Immediately New Democracy came to office it had to deal with the complex national issue of Cyprus which was set to vote in a re-unification referendum ahead of accession to the European Union on May 1. In the event, the Greek Cypriots rejected the UN-brokered plan while the Turkish Cypriots accepted it. This has left the ND government with the delicate balancing act of advancing its process of rapprochement with Turkey while not being seen to abandon protection of Greek Cypriot interests.
The government also had the Herculean task of completing and executing the Olympic Games in August and the Paralympic Games in September. It performed admirably with a highly positive effect on international public opinion regarding Greece.
But despite all this, there was a nagging sense in the electorate that the government was inert. There had been great expectations of change. The government appeared constantly to have one eye on the possibility of a fresh election in March 2005 over the issue of the election of a president of the Republic. (This was resolved after our survey had gone to press when Mr. Karamanlis nominated the former socialist foreign minister Karolos Papoulias.)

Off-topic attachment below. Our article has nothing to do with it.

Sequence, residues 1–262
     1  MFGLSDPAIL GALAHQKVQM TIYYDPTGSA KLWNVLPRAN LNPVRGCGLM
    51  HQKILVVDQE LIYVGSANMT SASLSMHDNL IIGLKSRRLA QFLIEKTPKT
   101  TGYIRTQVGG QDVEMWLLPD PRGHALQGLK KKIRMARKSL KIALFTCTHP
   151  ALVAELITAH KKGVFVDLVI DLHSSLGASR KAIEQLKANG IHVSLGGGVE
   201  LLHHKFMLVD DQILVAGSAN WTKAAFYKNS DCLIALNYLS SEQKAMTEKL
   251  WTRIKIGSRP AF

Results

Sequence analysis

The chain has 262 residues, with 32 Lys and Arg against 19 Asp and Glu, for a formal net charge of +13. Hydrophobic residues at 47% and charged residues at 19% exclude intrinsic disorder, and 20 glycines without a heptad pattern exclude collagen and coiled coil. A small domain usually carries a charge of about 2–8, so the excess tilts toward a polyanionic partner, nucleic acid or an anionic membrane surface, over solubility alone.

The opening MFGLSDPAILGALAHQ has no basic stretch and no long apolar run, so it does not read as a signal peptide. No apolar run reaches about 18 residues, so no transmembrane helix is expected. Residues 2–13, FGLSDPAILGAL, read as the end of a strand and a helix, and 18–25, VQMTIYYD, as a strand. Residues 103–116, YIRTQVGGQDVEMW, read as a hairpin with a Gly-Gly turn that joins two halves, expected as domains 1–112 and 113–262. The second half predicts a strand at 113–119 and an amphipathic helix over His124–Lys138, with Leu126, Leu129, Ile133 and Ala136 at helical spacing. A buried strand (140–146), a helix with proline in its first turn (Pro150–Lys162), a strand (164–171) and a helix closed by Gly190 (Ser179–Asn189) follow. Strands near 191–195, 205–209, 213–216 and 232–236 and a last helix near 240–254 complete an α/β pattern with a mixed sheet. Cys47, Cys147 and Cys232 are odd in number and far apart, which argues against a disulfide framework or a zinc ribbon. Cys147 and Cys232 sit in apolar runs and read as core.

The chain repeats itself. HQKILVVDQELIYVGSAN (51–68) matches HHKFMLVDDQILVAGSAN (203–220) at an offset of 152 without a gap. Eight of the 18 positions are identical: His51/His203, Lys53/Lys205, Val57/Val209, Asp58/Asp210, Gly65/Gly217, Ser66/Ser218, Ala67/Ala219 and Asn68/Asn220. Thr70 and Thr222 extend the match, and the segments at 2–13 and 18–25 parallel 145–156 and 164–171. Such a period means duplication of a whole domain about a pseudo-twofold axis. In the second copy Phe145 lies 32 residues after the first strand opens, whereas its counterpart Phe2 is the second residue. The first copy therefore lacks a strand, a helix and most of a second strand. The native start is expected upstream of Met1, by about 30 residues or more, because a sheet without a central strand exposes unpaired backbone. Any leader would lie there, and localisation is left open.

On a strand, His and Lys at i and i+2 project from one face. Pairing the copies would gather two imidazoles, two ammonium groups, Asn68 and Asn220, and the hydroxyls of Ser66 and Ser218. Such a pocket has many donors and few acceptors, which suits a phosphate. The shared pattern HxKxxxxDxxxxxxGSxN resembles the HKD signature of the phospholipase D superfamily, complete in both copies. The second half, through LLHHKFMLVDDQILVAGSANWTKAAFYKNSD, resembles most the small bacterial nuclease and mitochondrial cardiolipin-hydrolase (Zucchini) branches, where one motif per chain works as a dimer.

The one thing that the government did do during its first semester was to undertake a thorough process of fiscal "housekeeping" which for 2004 added some four percentage points to the general government deficit (to bring it to 5.3% of GDP) and some 13.5 percentage points to general government debt (to bring it to 112.1% of GDP). The fiscal review put Greece in breach of the Economic and Monetary Union's Stability and Growth Pact and revealed that Greece had never met the convergence targets for membership of the Eurozone. The European Commission has said that there is no question of Greece being asked to leave the inner circle of the EU-12 but it has started infringement proceedings against the country for breaches of reporting regulations. The government has till January to reform its methods or the case will proceed towards a hearing before the European Court of Justice. Eurozone finance ministers (the so-called Ecofin Council) were, however, more lenient. They chided Greece for its waywardness but were equally critical of the Commission's statistical agency Eurostat for the quality of its monitoring. No sanctions were applied against Greece.